expect some significant differences with FMAX and FMIN changes: Noise
power will increase linearly with FMAX; Flicker noise power can scale as 1/
FMIN.
Syntax
Input Syntax—Monte Carlo Single Sample Approach
.TRANNOISE output [METHOD=MC] [SEED=val]
+ [AUTOCORRELATION=0|1|off|on]
+ [FMIN=val] [FMAX=val] [SCALE=val]
Input Syntax—Monte Carlo Multi-Sample Approach
.TRANNOISE output
+ [METHOD=MC] [SEED=val] [SAMPLES=val]
+ [AUTOCORRELATION=0|1|off|on]
+ [FMIN=val][FMAX=val][SCALE=val]
Input Syntax—SDE Approach
.TRANNOISE output METHOD=SDE
+ [AUTOCORRELATION=0|1|off|on|]
+ [TIME=(all|val)]
+ [FMIN=val] [FMAX=val] [SCALE=val]
Argument
Description
output
(Required) Output node, pair of nodes, or 2-terminal element. Noise
calculations are referenced to this node (or node pair). Specify a pair of
nodes as V(n+,n-). If you specify only one node, V(n+), then HSPICE RF
reads the second node as ground. If you specify a 2-terminal element,
the noise voltage across this element is treated as the output.
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.TRANNOISE
Argument
Description
METHOD=
MC | SDE
Specifies Monte Carlo or SDE transient noise analysis method. The
default, or, if METHOD is not specified, is the single-sample Monte Carlo
method. Specifying METHOD=SDE is required to select the transient
noise analysis SDE method.
METHOD=MC | SDE is position independent.
AUTOCORRELATION (Optional) Used to enable the autocorrelation function calculation at the
specified output (for jitter measurements, for example).
■
■
AUTOCORRELATION=0 (OFF) - (default) Autocorrelation function is
not calculated.
AUTOCORRELATION=1 (ON) - Autocorrelation function s calculated
at the specified output.
TIME
(Optional) Used to specify additional time points (breakpoints) where
time-domain noise should be evaluated in addition to those time points
that will be evaluated as part of the normal time-stepping algorithm.Use
this parameter to force noise evaluation at important time points of
interest (such as rising/falling edges). TIME=all: (default) causes timedomain noise ONOISE values to be computed and available for output at
all time points selected by the .TRAN command time-step
algorithm.TIME=val: Specifies a single additional time point at which
time domain noise is measured. The value can be numeric or a
parameter. A .TRAN analysis at this time point will be forced. Note that
time-domain noise calculations require an accompanying .TRAN
analysis at each time point. The TIME parameter may therefore add
transient analysis time-points (breakpoints) as needed while values
given outside the range of the .TRAN command constraints are ignored.
FMIN
(Optional) Base frequency used for modeling frequency dependent noise
sources. Sets bandwidth for contributing noise sources. (Default: 1/
TSTOP) See Note below.
FMAX
(Optional) Maximum frequency used for modeling frequency dependent
noise sources. Sets bandwidth for contributing noise sources. Default: 1/
TSTEP; See Note below.
SCALE
Scale factor that can be applied to uniformly amplify the intensity of all
device noise sources to exaggerate their contributions. Default: 1.0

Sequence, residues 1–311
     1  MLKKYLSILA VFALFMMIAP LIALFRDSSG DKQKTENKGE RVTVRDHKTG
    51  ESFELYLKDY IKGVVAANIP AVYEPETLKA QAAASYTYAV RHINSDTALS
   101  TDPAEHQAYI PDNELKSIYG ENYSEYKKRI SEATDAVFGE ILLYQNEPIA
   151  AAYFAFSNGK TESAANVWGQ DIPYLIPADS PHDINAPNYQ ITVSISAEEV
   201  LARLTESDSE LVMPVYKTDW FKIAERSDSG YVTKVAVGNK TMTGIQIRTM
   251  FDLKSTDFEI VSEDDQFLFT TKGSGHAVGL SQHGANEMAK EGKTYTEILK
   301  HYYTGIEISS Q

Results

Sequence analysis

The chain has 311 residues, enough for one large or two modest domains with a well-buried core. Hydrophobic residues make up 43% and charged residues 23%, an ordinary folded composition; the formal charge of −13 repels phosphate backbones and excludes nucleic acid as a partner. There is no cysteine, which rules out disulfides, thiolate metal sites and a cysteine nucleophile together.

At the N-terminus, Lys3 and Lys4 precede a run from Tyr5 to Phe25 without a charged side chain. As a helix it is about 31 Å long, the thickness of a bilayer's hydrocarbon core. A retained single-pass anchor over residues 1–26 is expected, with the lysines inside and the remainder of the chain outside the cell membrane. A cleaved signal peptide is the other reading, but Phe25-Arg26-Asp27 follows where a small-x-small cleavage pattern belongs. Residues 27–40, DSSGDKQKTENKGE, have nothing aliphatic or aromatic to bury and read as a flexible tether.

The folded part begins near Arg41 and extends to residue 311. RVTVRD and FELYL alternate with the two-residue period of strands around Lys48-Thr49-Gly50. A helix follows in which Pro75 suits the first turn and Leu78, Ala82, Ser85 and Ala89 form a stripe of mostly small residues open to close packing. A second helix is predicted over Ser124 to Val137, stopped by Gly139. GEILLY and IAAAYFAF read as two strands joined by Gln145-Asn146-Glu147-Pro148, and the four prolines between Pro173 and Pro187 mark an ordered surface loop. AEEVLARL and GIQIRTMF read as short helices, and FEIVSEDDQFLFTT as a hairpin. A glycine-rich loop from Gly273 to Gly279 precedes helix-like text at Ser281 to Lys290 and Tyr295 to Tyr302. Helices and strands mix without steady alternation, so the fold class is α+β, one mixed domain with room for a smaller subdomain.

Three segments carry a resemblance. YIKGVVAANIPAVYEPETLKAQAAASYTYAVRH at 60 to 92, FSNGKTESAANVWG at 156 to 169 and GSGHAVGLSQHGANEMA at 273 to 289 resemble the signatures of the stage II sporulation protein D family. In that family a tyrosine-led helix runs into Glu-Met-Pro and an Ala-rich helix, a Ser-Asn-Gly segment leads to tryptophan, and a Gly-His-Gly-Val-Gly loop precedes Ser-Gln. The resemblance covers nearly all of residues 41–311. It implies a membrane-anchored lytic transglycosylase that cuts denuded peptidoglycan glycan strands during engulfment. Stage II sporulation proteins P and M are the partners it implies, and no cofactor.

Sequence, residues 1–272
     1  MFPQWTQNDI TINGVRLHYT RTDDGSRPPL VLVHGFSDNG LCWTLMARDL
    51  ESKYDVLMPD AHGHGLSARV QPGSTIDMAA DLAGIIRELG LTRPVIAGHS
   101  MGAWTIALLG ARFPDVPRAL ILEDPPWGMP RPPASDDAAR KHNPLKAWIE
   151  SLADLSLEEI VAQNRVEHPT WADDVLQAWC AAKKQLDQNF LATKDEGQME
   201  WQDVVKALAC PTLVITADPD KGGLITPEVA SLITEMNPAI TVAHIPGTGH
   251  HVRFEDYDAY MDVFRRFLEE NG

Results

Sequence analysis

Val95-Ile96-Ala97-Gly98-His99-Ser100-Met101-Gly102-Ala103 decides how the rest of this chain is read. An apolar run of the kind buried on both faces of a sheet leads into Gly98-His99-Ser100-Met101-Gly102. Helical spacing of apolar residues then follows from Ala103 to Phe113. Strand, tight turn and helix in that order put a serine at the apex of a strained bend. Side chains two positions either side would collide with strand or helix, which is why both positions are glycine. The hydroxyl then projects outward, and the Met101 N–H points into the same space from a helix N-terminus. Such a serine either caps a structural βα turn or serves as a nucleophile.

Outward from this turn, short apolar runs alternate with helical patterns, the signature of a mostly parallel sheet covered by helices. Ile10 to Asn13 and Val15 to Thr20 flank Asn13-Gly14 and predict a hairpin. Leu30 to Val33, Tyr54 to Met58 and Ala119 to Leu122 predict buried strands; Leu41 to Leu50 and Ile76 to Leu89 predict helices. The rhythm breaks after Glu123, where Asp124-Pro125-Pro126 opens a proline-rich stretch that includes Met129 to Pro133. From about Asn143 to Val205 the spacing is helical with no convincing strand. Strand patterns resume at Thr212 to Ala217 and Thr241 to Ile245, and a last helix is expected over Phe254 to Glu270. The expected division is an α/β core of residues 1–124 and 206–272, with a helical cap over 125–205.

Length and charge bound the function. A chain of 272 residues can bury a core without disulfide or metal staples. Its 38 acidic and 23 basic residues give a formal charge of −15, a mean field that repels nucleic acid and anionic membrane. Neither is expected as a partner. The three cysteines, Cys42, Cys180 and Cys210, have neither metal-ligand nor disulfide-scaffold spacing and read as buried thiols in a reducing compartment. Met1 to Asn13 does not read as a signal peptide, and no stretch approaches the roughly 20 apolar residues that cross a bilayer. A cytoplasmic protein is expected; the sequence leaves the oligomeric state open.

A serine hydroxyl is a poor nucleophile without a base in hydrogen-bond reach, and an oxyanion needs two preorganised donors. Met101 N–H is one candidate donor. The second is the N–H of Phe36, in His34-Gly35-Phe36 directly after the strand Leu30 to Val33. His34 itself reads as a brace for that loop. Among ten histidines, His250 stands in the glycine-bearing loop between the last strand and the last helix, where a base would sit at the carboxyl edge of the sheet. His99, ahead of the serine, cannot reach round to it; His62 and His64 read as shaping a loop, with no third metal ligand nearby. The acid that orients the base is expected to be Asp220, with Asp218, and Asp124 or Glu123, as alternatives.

Description
Use to analyze time-variant noise in HSPICE RF for circuits driven with nonperiodic waveforms. The transient noise analysis requires an accompanying
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.TRANNOISE
.TRAN analysis which determines the time-sampling, matrix solutions, and
deterministic output waveforms. The .TRANNOISE command is used to
activate transient noise and to compute the additional noise variables. Note that
this is consistent with how .NOISE computes additional noise outputs when
added to an .AC analysis.
The Monte Carlo approach can capture very nonlinear noise behaviors. This is
useful, for example, when the responses of circuits with noise are known to
have non-Gaussian variations about their noise-less simulations.
For an in-depth discussion, see Transient Noise Analysis in the HSPICE User
Guide: RF Analysis.
Examples
Example 1
Generates 30 Monte Carlo noise simulations beginning with a noiseless
(index=1) simulation.
.TRANNOISE v(out) SWEEP MONTE=30
Example 2
Generates 20 Monte Carlo noise simulations starting with the seed value
(i.e., index) of 31 for the first simulation.
.TRANNOISE v(out) SWEEP MONTE=20 FIRSTRUN=31
Example 3
Generates a single noise simulation, with seed value of 50, with all noise
sources amplified by a factor of 10.
.TRANNOISE v(out) SWEEP MONTE=1 FIRSTRUN=50 SCALE=10.0
Example 4
Activates SDE noise analysis, and dumps the ONOISE output to the *.tr0
file:
.TRANNOISE v(out)
.PROBE TRANNOISE ONOISE
Example 5
Activates SDE noise analysis, placing a lower bound on flicker noise to
be 10kHz, and an upper bound on all noise power at 100MHz:
.TRANNOISE v(out) FMIN=10k FMAX=100MEG
See Also
.TRAN
.NOISE
.PTDNOISE
.OPTION MCBRIEF
.OPTION MACMOD
.OPTION MODMONTE
.OPTION MONTECON
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.TRANNOISE
.OPTION RANDGEN
.OPTION SEED
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.UNPROTECT or .UNPROT
.UNPROTECT or .UNPROT
Restores normal output functions previously restricted by a .PROTECT
command as part of the encryption process in HSPICE.